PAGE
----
MU Origin is a difficult act to follow. Since launching the game a couple of years ago, developer Webzen has clearly channelled a huge amount of time and energy into its venerable fantasy universe. We’re already up to version 7.0.
MU Origin 2 aims for the smoothest transition possible. It stays pretty close to the gameplay template laid down by its forerunner, and concentrates on making the experience as fluid and painless as possible, for better or worse.
You start by choosing your character type from a streamlined selection of three: Dark Knight, Dark Wizard, and Elf. And then you’re off, getting bossed around by a succession of imperious NPCs who purpose in life is too give you errands.
Accepting a quest sees you automatically striding in that direction, or teleporting to that area. Assuming you have auto-battle enabled, you’ll also start blasting and chopping your enemies when you get there, before automatically returning for your reward.
That model applies to most of the story quests, and many of the non-story quests. Others see you taking on a wide variety of missions, such as dungeon raids, Guild activity, upgrading stuff, and even buying items at the Auction. As ever, the quest system exists partly to teach you how to play the game and introduce you to its various elements.
In keeping with MU Origin 2’s streamlined approach to gameplay, kill quests tend to be ‘stacked’, so that you need to kill ten of one kind of monster, then ten of another, and so on until you’ve killed over a hundred. And you don’t have to touch your phone until the whole quest is over – you can just watch it all happen.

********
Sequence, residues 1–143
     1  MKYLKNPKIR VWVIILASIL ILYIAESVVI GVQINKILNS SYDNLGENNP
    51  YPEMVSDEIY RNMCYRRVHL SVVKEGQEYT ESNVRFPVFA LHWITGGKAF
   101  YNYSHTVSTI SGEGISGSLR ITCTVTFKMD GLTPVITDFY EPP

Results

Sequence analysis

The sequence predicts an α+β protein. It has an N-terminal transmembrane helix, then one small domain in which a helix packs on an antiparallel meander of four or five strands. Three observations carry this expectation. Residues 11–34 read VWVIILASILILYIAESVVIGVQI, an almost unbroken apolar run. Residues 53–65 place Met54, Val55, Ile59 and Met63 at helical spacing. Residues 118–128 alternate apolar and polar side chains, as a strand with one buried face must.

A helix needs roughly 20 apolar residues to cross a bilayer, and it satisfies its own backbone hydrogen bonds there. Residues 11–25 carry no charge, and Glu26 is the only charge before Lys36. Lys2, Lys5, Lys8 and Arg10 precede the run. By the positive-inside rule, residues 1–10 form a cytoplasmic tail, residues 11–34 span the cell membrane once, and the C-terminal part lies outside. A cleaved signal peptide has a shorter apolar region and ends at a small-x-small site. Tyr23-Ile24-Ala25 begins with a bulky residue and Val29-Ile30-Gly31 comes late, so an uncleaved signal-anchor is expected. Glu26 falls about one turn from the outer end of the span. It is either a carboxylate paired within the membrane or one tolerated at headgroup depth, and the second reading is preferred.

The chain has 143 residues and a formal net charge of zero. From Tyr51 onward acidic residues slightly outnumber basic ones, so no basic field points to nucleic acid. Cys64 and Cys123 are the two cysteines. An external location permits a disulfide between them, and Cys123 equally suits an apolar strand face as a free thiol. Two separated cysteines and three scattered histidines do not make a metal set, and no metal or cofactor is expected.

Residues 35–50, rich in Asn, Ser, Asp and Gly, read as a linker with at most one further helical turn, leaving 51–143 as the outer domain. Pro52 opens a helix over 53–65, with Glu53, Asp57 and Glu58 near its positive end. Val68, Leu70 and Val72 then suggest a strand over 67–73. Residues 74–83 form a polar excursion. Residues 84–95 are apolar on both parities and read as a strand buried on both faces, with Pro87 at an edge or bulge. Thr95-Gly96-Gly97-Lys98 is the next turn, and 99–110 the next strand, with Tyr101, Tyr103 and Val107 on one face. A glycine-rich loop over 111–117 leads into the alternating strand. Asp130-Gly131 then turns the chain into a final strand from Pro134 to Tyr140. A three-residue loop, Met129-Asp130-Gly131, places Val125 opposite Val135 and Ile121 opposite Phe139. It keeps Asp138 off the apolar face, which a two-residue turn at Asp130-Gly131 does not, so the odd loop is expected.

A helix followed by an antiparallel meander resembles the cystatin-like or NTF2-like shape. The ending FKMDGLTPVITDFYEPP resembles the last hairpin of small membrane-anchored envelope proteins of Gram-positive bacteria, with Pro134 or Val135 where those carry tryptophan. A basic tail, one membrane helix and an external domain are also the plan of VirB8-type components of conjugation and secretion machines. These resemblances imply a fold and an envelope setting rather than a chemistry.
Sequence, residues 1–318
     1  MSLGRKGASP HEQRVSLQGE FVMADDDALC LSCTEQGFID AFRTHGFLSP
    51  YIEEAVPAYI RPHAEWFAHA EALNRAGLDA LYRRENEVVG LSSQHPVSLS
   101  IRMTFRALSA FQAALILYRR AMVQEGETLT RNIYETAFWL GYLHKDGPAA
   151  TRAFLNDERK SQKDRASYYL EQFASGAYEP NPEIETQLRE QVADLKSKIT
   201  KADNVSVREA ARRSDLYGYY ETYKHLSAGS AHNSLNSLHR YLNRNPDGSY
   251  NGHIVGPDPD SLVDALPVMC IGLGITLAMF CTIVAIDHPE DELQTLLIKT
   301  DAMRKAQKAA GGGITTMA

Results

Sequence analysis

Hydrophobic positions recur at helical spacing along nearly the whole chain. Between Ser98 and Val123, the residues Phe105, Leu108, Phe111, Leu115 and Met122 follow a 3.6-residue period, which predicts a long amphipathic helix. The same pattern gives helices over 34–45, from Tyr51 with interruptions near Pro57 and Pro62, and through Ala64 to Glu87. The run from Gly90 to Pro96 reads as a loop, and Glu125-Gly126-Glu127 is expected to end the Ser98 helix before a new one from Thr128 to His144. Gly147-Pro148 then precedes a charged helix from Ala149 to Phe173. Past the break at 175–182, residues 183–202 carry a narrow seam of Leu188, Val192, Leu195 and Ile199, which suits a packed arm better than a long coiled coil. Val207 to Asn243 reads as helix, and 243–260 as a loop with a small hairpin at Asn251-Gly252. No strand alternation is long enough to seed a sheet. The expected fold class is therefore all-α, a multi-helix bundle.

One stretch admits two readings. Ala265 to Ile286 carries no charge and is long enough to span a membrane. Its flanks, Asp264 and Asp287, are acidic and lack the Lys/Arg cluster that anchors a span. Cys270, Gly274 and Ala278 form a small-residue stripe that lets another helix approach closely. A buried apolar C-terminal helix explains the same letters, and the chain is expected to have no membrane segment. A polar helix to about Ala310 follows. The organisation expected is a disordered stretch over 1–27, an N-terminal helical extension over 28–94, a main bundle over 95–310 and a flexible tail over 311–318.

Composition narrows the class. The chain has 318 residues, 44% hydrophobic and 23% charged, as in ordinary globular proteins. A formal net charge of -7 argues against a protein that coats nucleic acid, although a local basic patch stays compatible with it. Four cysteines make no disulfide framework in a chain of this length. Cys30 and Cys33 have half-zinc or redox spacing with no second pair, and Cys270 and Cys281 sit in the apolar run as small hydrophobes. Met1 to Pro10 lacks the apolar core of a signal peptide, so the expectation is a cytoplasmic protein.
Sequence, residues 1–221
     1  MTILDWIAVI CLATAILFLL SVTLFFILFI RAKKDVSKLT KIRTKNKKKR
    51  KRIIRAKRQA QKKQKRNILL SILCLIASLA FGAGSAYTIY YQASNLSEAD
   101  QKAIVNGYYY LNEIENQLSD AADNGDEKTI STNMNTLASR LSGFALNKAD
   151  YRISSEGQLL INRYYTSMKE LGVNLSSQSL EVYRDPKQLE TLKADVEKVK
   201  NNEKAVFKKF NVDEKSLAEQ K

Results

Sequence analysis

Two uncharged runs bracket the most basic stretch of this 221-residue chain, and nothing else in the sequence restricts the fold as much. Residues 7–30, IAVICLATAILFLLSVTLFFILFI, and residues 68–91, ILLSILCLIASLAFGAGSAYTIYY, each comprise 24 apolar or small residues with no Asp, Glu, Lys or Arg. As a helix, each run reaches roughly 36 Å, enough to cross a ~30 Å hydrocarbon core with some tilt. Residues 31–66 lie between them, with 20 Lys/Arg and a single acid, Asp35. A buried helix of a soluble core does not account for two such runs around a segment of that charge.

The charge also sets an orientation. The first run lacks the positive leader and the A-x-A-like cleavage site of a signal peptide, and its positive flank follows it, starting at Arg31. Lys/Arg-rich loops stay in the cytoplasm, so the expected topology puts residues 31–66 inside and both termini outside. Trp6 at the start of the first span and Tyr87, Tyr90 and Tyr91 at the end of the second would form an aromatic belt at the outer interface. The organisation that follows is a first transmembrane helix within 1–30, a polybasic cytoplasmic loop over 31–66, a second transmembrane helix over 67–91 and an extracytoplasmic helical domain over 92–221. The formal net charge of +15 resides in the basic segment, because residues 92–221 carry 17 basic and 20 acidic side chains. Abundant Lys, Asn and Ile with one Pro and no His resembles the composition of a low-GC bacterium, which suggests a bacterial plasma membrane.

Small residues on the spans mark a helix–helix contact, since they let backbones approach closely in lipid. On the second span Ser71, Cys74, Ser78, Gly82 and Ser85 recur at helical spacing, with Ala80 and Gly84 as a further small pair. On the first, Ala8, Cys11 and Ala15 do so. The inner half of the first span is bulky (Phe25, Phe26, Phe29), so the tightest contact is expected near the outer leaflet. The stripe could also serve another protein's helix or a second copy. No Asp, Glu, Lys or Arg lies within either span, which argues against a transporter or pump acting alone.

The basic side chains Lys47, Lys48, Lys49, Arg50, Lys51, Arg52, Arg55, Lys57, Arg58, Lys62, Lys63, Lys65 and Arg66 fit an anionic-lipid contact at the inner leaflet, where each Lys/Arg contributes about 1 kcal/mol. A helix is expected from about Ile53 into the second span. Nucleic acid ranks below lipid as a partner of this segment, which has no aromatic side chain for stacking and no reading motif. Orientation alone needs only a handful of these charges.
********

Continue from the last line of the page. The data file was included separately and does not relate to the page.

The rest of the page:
This hands-free slickness applies to some of the housekeeping elements of the game, too. Picking up certain items triggers an on-screen button to appear inviting you to equip it there and then. And when you equip a new item, you can simply transfer the enhancements of a different weapon onto your new one.
MU Origin 2 allows you to be a spectator to a greater extent than most games of this type, but you still need to get involved if you want to get anywhere – particularly once you reach a certain level.
0-100 goes by in a flash. All you need to do is ensure that you level-up your skills and accept the quests that appear on the left of the screen. If you can manage that, you’ll glide through enemies like Captain Marvel through a waxwork museum, accruing items, XP, and levels at a brisk rate as you unlock more and more modes and areas.
At around level 150, however, things start to get a bit trickier. You’ll find you no longer have a bottomless well of Zen to spend on levelling up your skills and making Guild donations. You’ll need to make choices.
You’ll also start to encounter quests that you can’t participate in because you haven’t reached the right level, encouraging you to seek out the most XP-heavy activities.
Spreading your wings
That could mean taking on the other, non-story quests, but it could also mean using your initiative and visiting the areas and events that you’ve managed to unlock. These include the EXP Dungeon, the Arena, the Guild Battlefield, and so on. Some events are timed, while others are always available.
There are dungeons, too, and plenty of them. You can attack these either solo or in a party, and you can also dip into Daily Dungeons and the Infinite Tower for a bit of variety.
MU Origin 2 has plenty to offer in terms of modes and activities, but if you don’t fancy any of these you can always just wander around, jumping from area to area hunting the beasts that roam there. You can kill sharks in Atlans, yetis in Devias, hook scorpions in Noria, and more.
These monsters look pretty decent, too. MU Origin 2 has solid 3D visuals and some novel creature designs. If only the same level of care had gone into the localization and the recorded voices, which are patchy at best. The text is eye-wateringly small, too.
MU Origin 2 isn’t revolutionary, but it’s a solid sequel. You can download it right now on Google Play.
A solid mobile RPG
If you’re a hardcore RPG aficionado you may be put off by the game’s hands-off approach, but if you don’t like to put too much effort into your mobile RPGs you’ll have a blast.